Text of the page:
Don’t Change The Lottery, Blow It Up

For 32 years the lottery has operated on a lie: the worst teams get the best players even if they have to tank to do it.  But the worst teams do not get the best players. In 2007, Memphis won 22 games and should have been hand delivered Kevin  Durant. But a 31 win Sonics team won the KD sweepstakes. The next year, the worst record was the Miami Heat. They won 15 games. But Derrick Rose was the prize of the Bulls who had the 8th worst record in the league. It’s a fallacy that the worst teams are rewarded. But teams still tank just in case.

No one goes out to lose games. Everyone in the NBA are competitors. However, what organizations do is tilt the deck. Sign players that can’t compete. Discover mysterious knee and ankle injuries on the bodies of leading scorers. They give more minutes to young players while resting veterans.  All because they have their sights on a pheom to be. As a system, it has been called corrupt.

How corrupt is it? 6 out of 8 playoff teams in the Eastern Conference wrote a check to a top-5 lottery pick during the 2016-17 season.  In the West, 6 out of 8 playoff teams were indebted to a top-5 lottery pick. It’s the hamster on the wheel. Beneficiaries of a lottery system feed the NBA’s post-season. Teams on the outside looking in are desperate enough to lose on purpose as a systemic solution. Superstars are drafted.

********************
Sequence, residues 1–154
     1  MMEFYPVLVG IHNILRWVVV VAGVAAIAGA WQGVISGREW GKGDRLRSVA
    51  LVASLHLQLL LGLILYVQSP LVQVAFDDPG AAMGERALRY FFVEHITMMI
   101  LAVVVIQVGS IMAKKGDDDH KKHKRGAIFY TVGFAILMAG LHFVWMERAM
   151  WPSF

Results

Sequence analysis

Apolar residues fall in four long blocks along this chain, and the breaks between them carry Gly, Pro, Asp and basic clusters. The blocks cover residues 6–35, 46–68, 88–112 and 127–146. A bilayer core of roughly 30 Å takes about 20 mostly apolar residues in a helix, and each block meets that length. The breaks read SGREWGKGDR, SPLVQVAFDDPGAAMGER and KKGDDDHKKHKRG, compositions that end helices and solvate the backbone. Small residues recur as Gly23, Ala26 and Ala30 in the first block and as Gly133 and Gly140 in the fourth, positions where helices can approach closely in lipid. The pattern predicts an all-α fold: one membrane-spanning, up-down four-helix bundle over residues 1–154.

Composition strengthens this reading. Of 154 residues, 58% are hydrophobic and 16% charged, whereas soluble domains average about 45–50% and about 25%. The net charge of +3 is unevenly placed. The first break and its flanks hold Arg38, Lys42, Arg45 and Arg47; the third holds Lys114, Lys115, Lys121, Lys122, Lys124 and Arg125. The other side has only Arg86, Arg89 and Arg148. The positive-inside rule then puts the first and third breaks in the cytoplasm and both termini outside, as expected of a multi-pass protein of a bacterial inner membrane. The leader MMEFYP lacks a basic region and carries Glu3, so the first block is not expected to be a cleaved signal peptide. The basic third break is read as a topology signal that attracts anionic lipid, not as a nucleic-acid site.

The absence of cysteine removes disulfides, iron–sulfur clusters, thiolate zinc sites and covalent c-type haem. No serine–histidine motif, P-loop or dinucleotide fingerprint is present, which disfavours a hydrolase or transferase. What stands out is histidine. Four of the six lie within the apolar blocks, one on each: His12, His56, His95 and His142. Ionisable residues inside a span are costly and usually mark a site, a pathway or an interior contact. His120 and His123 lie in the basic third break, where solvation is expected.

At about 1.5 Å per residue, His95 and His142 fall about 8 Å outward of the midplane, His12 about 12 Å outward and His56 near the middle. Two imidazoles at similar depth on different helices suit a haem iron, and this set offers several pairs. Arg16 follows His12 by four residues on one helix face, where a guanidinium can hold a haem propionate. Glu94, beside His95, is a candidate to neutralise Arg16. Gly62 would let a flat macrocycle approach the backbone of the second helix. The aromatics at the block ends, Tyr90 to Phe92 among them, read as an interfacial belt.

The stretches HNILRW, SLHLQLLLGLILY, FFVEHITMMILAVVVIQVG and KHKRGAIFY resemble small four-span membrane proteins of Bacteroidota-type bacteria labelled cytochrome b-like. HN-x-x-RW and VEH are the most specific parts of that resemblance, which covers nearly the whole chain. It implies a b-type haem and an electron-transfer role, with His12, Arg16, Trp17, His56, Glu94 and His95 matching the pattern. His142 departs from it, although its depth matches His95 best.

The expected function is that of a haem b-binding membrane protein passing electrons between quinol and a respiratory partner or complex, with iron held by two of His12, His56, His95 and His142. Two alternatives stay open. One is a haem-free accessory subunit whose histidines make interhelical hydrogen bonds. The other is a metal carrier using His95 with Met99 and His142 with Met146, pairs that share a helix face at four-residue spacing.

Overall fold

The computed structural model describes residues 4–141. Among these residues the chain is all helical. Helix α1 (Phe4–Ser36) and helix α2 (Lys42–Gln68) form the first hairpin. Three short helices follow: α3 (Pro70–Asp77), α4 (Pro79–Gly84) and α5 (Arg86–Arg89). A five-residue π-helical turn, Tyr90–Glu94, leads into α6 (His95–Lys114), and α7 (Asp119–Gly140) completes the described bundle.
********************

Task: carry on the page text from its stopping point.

Adam Silver wants to tweak the lottery but tweaking it to try to eliminate tanking won’t save the bottom line. Silver wants to make the odds at the top, that hallowed ground where superstars live, even. The three worst teams would have an equal chance at the number one pick, instead of the worst record having exponentially more ping pong balls. This, in and of itself, wouldn’t cure tanking. But it would put losing in perspective, making it hollow, because there would be no clear advantage to having the worst record. The lottery truly would be a draw, absent math. It would be random luck.

Silver also wants to give teams who didn’t tank but are just pathetic (Knicks that’s you) an opportunity to move up in the draft.

Another Silver idea which I am on board with is denying teams consecutive top-3 picks. Why reward continued incompetence? Let someone else get a shot at talent since repetitive losers can’t seem to get out of their own way. That would have meant the Lakers, Celtics and 76ers would have picked no higher than 4th in this year’s draft.  If this idea was implemented, it would have a dramatic effect on how teams approach the last 30 games when they know they aren’t making the playoffs.

I’ll go even further. Why not make the lottery equal for everybody? No ping pong balls. Just a straight draw. No one is favored. It eliminates the need to position oneself into the bottom feeder class.

The lottery has always been fraught with complications. It’s inaugural season began on shaky ground when in 1985 the envelope was frozen. Allegedly, that was a secret signal for the Knicks, handing them on a platter Patrick Ewing, the best player in the country. Later, the system went to ping pong balls.

Before the lottery, there was the coin flip. The worst team in each division flipped a coin to see who would get the pick at the top. It is how Magic Johnson ended up in Los Angeles instead of Chicago. Before the coin flip there were territorial picks where teams could pick college players from their area. So the Lakers would be able to draft Lonzo Ball (UCLA). The Hornets would have the rights to Jayson Tatum (Duke) or Dennis Smith (NC State). The Heat could draft Jonathan Issac (Florida State).